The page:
I have this MySQL query that I'd like to optimize:
SELECT min(`topic_id`) FROM `gallery_topics` where `topic_id` > 11 AND `topic_poster` = 5 AND `topic_status` = 0
I wanted to add an index with multiple fields to optimize this query, so I added a key I named previous_by_author with these three keys in this order:
I did an EXPLAIN of this query, with the expectation that the EXPLAIN query would tell me that the query uses my new previous_by_author index. However, EXPLAIN reported that the query uses the user_start_time index, which uses the following two fields: 1. topic_poster and 2. topic_start_time.
I don't get it, topic_start_time is a datimetime field that isn't even in my query!
Here's the full result of the EXPLAIN query:
id select_type table type possible_keys 1 SIMPLE gallery_topics ref PRIMARY,user_start_time,previous_by_author (rows continued) key key_len ref rows Extra user_start_time 8 const 4 Using where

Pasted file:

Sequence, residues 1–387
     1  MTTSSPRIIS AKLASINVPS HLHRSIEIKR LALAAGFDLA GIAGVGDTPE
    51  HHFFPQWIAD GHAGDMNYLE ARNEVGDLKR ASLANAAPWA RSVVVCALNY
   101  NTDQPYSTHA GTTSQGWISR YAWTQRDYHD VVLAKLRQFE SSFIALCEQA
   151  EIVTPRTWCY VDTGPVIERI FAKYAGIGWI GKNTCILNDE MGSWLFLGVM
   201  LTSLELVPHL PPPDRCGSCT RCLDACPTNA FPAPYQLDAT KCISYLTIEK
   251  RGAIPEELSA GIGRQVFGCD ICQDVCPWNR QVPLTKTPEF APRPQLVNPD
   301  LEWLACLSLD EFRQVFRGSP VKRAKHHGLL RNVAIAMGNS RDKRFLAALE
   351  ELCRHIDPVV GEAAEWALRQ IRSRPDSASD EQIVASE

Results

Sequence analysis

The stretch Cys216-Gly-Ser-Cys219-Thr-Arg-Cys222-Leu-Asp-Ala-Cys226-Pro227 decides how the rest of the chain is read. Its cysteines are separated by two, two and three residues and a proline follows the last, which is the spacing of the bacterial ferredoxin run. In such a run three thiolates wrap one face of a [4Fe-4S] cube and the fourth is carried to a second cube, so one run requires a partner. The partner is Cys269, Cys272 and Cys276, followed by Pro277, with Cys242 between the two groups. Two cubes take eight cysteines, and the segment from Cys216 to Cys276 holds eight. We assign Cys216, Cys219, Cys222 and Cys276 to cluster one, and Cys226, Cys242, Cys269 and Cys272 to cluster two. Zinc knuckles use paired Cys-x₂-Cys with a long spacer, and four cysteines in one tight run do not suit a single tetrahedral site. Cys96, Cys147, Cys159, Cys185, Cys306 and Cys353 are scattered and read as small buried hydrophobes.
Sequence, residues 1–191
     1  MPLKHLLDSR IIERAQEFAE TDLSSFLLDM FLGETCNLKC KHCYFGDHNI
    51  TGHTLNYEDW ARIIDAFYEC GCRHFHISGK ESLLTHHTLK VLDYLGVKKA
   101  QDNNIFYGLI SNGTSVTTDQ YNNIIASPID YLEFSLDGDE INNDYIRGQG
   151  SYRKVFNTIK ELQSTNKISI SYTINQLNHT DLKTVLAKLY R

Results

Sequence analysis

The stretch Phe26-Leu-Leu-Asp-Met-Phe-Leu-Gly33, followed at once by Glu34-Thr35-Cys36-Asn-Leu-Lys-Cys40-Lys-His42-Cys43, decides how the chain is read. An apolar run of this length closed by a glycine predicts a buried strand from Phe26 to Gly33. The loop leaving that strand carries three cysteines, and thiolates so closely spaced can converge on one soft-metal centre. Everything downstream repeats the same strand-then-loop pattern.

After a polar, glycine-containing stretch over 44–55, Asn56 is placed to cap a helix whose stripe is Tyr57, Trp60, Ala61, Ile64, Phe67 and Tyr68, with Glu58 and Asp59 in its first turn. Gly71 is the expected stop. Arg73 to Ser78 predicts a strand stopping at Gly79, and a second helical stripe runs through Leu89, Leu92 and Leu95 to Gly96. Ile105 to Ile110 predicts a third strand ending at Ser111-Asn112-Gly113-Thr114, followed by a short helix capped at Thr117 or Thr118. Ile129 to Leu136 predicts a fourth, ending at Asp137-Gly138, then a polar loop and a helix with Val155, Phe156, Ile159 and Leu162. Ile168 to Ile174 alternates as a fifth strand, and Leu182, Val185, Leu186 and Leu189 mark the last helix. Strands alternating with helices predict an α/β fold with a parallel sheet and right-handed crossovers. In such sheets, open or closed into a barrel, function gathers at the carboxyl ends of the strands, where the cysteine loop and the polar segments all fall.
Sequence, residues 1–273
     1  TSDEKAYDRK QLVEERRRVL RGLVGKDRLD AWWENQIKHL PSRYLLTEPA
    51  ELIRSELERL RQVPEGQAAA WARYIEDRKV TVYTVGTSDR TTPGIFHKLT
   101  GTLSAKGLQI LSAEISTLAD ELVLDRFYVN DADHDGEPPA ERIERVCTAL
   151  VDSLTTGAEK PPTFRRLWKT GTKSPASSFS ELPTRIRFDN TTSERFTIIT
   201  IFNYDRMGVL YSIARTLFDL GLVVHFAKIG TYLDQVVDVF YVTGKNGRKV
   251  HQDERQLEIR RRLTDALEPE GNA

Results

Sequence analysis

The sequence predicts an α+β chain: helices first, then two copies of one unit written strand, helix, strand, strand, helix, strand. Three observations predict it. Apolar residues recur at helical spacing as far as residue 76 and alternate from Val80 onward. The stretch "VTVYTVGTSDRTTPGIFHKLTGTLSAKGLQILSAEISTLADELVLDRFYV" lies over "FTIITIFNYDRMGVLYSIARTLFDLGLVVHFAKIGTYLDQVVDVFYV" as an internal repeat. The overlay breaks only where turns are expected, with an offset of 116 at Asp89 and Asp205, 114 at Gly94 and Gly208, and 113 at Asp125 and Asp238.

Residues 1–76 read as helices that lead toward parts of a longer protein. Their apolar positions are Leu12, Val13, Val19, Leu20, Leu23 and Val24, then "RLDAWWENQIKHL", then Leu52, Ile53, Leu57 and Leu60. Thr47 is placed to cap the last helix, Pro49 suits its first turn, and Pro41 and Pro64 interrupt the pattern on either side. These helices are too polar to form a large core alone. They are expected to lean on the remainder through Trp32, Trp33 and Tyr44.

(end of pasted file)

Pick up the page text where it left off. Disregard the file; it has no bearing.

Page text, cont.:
What fields should I use in my multiple-field index so that my query can take advantage of the best index?
Without knowing what all available indexes are, it's difficult to say why one in particular was chosen. But it's easier to see why your new index wasn't chosen: since you have a greater-than condition on
topic_id, and the index stores values sorted first by
topic_id, MySQL will have to read in (at least from the index) all rows with
topic_id > 11and check the additional conditions on the WHERE clause. Better to put
topic_idlast in the multicolumn index, so MySQL will group values in the index by the two equality conditions; then, checking the greater-than condition is easy.
Also, how many rows are in the table? If you don't have representative test data, all bets are off on what the query planner will decide to do.
Summary: for optimizing queries exactly like the one you show, try the index